Monday, September 26, 2011

Sad Mickey and slide technique

Here's a common slide technique problem...reaching out towards 6th or 7th but never really reaching the position before you turn around and come back.

Sometimes I compare this to taking a trip in your car. I live in Columbia, South Carolina so, for us, Disney World is only about a 7 1/2 hour drive. We've taken the kids many times.

Imagine we're driving along in the car on that first magical trip to Disney and along about Jacksonville, I stop and announce, "OK, kids we're here!" Then I turn around and head home.
(nothing against Jacksonville, of course)

'Twould not be a happy time in that car.

So, whenever you turn around before truly experiencing the "Disney Magic" of 6th or 7th position, think of the kids.

Don't break their little hearts.

Thursday, September 22, 2011

More hardware store fun!

A former colleague, Carol Krueger, used to generously help students who were having trouble with pitch.
They would come in to work with her on sight-singing. One trick singers often use to help themselves with pitch accuracy is to cover one ear so they can hear themselves. Carol had a better system, a bent piece of tubing that pipes the sound from mouth to ear...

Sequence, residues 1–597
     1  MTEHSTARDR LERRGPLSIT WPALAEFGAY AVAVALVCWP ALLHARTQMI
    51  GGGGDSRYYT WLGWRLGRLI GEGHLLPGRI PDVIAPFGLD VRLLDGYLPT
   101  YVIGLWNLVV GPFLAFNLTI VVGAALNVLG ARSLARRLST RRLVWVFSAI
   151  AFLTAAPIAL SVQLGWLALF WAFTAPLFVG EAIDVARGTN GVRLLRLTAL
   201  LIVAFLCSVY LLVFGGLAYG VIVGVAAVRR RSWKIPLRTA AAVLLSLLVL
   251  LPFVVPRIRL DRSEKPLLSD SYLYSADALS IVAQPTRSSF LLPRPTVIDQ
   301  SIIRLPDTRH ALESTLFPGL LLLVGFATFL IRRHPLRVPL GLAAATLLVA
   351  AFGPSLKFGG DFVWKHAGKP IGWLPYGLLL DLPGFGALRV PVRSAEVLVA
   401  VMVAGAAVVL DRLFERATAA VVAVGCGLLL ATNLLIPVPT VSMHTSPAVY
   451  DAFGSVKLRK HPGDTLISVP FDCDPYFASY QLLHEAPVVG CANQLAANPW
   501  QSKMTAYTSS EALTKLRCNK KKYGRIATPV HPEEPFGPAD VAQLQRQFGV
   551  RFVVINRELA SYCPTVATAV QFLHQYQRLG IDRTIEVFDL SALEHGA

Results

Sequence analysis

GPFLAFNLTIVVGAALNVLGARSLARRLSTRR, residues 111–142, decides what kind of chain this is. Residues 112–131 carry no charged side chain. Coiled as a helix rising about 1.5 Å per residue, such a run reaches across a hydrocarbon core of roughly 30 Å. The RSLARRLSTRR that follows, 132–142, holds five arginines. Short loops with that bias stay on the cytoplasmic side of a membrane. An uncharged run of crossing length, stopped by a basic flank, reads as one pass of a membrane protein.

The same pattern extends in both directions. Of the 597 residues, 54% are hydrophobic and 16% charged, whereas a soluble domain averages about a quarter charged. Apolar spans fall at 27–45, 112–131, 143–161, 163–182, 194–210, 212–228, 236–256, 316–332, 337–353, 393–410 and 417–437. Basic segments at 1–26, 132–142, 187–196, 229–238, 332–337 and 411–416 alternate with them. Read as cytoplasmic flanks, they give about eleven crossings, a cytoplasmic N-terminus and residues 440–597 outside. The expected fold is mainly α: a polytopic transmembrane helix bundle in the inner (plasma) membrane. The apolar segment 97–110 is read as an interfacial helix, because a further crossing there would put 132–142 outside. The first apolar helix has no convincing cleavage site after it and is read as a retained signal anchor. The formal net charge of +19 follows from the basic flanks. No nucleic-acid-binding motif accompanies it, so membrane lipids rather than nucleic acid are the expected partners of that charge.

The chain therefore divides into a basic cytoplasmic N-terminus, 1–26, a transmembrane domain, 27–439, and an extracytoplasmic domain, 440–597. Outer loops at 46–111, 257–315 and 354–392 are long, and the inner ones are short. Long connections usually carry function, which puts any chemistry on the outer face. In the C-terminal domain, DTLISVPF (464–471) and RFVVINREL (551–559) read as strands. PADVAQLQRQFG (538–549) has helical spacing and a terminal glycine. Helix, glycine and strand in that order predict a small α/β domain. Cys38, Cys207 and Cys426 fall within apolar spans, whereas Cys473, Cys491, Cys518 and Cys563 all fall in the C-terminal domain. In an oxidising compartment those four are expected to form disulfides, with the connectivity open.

Of course, this doesn't quite work for buzzing the mouthpiece so, it's off to the hardware story I go to invent this variation..

(thanks to Colt Campbell for modeling)

Monday, September 19, 2011

Mac Guy vs PC Guy

I guess this ad campaign has ended. Too bad.
Like most of my posts, I'll use these guys to illustrate a point.

In a recent lesson, I was working on two basic goals with a students. One was to relax, the other was be more accurate with his slide.

  • When I worked with him on relaxing more, we saw nice progress except his slide positions got sloppy.
  • When I worked with him on placing the slide more carefully, we also saw nice progress except his sound lost resonance.
Ahh, to do both...
Mac Guy = relaxed, breathing well, etc.
PC Guy = very picky about precise slide positions.

Sadly my Google image search for a morphed image that was a blend of both guys failed. I though you could find *anything* on the web!